The records that are at the heart of the ‘Law in the Aberdeen Council Registers’ (LACR) project are kept in the beautiful Charter Room on the third floor of Aberdeen’s Town House where they are cared for by the staff of Aberdeen City & Aberdeenshire Archives. Of course the Archive service, formed in 1980, is the latest in a long line of guardians who have ensured the survival of the city’s unique UNESCO-recognised Burgh Registers.
A question that is frequently asked by visitors is: why does Aberdeen have such a remarkable collection of late-medieval records whereas only fragments remain for other Scottish towns during this period? This is probably the result of three things: the geographical location of Aberdeen which meant that it, and its records, escaped the worst excesses of the Reformation, a culture of good record keeping within the burgh and a healthy dose of good luck. In particular, their survival is testament to the fact that successive town clerks, the predecessors to the current Archive team, saw the records as having important evidential value and were therefore worth preserving. That evidential value persists and is the focus of the current project.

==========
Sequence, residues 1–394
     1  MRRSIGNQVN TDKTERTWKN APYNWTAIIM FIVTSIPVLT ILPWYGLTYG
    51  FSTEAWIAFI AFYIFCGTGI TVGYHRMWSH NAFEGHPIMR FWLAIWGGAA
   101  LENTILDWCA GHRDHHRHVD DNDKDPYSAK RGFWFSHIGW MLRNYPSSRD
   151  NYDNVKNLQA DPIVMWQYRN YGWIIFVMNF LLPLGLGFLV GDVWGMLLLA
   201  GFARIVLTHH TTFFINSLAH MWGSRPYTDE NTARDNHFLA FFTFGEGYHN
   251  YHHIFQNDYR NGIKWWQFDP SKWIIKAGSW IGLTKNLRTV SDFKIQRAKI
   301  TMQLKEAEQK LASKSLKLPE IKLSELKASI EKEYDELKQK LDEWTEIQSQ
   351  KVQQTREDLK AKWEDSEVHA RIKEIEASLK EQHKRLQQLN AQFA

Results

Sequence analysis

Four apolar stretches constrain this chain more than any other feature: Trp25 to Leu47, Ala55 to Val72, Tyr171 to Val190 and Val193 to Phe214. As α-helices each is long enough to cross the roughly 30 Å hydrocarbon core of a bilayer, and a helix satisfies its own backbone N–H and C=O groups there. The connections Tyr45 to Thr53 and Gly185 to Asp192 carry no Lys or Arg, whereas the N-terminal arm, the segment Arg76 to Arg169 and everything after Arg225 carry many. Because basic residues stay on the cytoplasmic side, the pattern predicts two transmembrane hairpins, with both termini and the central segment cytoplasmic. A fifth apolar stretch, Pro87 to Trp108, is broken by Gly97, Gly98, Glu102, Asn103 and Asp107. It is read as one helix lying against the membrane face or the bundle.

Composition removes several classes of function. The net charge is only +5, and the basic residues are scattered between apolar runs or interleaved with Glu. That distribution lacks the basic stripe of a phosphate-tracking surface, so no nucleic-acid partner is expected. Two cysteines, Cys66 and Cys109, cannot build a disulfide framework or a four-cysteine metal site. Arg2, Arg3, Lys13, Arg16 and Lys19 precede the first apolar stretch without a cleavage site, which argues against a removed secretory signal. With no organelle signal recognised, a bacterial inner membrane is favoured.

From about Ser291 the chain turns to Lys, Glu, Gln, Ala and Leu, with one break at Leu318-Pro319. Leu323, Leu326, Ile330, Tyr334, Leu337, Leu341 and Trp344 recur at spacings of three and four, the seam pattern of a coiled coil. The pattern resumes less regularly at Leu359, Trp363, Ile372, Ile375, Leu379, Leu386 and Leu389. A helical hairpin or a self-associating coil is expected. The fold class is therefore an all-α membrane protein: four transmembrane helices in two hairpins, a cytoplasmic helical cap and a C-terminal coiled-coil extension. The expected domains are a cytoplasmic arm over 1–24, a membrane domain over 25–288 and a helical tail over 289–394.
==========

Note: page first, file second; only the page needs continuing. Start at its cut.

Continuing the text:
One of the primary functions of the Archive service is to make the records in its care as widely available as possible. A major hurdle to realising this aim for the medieval Burgh Registers is that the language and handwriting of the original text makes them well-nigh impenetrable to all but the expert palaeographer. Aberdeen City & Aberdeenshire Archives sees the current LACR project as the essential foundation for making the fascinating information contained within the records available to those who are not experts. If you follow this blog regularly, you will already have read some riveting stories of life within medieval Aberdeen. Such vignettes are captivating and can help tell the story of the city to tourists, school pupils and locals with a fascination in how their town has developed.
The task of opening up the records to this wider audience is too large for the Archive service to achieve on its own and we are immensely proud to be in partnership with the University on the LACR project. The partnership is already having significant knock-on benefits with the Archive participating in many associated public engagement activities. In September Phil Astley, City Archivist, presented a paper about the project at the annual Archive and Records Association Conference in London while November will see the Archive hosting a meeting of the UK National Commission for UNESCO at the Town House. Major regional cultural events taking place in 2017 in Aberdeen and the North East of Scotland such as Spectra, Look Again and the Granite Noir writing festival will all have input from the Archives. All this follows the much higher profile that the service has achieved through the recognition of its records by UNESCO UK and the positive publicity surrounding the LACR project. We are confident there will be many more exciting opportunities to come.